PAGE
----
An enlightening piece.

    Is the continuous needling a reminder that China is abetting Pakistan’s perception management themes as a quid pro quo to services rendered, Gwadar, Gilgit – Baltistan et al.

    You are right America has no choice but to develop along term relationship with India but India on its part must resolve disputes with China diplomatically. That is the only way forward.

  2. Rana Pratap says:

    Given India’s access to the Indian ocean with a quick hop to oil producing states in the gulf, there is no need for India to have pipelines running through any country like at all. It would be a strategic mistake and a total waste of money for a non-renewable resource. Better to focus on nuclear and other forms of energy resources while shipping oil and gas from the gulf. Kashmir is strategic for both India and Pakistan because of water resources, not oil, quite unlike China’s interests. Pakistan especially doesn’t get it.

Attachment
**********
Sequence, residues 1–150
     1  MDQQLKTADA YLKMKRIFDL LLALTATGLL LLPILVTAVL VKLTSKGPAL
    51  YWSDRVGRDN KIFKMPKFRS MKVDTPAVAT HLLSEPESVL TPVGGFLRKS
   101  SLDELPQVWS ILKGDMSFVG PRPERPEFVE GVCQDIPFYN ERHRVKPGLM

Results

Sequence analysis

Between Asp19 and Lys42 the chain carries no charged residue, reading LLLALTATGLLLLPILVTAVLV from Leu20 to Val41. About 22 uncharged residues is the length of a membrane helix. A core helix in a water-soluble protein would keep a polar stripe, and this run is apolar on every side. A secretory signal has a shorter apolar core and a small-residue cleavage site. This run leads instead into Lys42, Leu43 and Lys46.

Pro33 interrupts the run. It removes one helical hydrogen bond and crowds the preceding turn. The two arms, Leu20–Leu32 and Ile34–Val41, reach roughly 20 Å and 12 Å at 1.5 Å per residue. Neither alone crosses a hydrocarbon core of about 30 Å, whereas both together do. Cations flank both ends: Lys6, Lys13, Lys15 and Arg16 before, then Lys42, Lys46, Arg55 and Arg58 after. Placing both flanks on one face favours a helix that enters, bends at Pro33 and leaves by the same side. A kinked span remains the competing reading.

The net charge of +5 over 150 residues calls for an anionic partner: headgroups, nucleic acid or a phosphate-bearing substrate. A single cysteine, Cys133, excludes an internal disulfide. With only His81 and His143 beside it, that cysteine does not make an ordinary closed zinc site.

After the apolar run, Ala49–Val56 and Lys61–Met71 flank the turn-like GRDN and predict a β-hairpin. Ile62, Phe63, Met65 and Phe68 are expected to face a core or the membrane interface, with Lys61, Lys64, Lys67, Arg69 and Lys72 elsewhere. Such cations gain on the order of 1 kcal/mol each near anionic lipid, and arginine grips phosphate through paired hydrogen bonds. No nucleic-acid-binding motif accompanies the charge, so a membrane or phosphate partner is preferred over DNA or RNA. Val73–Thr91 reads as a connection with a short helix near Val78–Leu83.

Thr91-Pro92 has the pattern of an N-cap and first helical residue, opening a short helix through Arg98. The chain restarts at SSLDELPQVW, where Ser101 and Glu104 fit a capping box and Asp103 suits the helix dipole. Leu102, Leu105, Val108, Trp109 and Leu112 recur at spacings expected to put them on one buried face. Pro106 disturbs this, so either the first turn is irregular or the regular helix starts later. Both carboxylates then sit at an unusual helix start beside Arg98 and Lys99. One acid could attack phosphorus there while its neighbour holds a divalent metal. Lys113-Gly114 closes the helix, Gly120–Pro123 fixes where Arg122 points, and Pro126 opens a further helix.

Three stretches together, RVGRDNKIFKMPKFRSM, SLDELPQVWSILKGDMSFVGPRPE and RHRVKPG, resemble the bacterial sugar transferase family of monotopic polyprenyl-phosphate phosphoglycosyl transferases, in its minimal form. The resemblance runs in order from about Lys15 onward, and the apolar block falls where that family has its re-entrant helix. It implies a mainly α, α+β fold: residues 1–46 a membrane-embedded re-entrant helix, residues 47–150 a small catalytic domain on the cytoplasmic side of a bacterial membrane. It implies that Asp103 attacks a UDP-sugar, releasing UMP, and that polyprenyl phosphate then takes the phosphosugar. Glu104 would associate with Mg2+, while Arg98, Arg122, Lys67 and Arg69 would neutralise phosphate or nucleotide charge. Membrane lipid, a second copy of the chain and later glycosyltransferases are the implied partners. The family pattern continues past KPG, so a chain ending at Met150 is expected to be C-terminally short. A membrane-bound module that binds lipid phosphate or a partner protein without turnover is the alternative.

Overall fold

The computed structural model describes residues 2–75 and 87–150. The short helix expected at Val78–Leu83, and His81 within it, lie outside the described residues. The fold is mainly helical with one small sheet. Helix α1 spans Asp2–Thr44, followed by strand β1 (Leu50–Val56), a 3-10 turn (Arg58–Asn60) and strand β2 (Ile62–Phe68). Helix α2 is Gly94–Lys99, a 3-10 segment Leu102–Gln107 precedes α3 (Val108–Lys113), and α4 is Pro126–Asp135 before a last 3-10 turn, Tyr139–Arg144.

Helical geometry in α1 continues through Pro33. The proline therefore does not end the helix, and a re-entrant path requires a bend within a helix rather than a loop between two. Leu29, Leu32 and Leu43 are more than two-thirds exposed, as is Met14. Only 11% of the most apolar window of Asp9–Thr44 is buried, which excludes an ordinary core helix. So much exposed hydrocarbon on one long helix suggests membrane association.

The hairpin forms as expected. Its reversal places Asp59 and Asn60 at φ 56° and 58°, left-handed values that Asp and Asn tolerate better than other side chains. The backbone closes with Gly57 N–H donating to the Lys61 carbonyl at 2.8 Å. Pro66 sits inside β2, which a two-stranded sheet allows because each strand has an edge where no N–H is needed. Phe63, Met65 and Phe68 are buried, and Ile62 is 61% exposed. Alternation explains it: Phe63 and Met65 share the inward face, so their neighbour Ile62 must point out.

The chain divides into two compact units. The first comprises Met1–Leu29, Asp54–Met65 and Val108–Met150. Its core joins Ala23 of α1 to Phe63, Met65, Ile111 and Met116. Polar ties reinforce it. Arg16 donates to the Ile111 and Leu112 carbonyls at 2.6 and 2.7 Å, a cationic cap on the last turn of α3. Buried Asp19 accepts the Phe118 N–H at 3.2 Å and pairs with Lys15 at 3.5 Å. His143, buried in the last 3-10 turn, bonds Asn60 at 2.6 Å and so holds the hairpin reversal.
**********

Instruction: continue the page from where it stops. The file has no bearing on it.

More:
Anyway, the turning point is today. China sent in 10,000 PLA troops into Gilgit. Pakistan talks aren’t working at all. Neither is India’s quest for a workable alliance with China. It that part of the Kashmir becomes another Tibet nightmare, future generations are dead on both sides. The only solution left as we speak is for allied forces to dismember and balkanize Pakistan. Coming soon….

  3. Chanakya says:

    This is a perennial debate beyond the North and South block mandarins.

    In an argument over China and India and China Versus India, all rational thought would point towards China and India. But relations between India and China vectored by Pakistan and silently observed by America, point towards adopting very high degree of diplomatic skills on this road. Till we adopt a lateral approach delinking Pakistan from China, the prognosis would remain India versus China in the short term.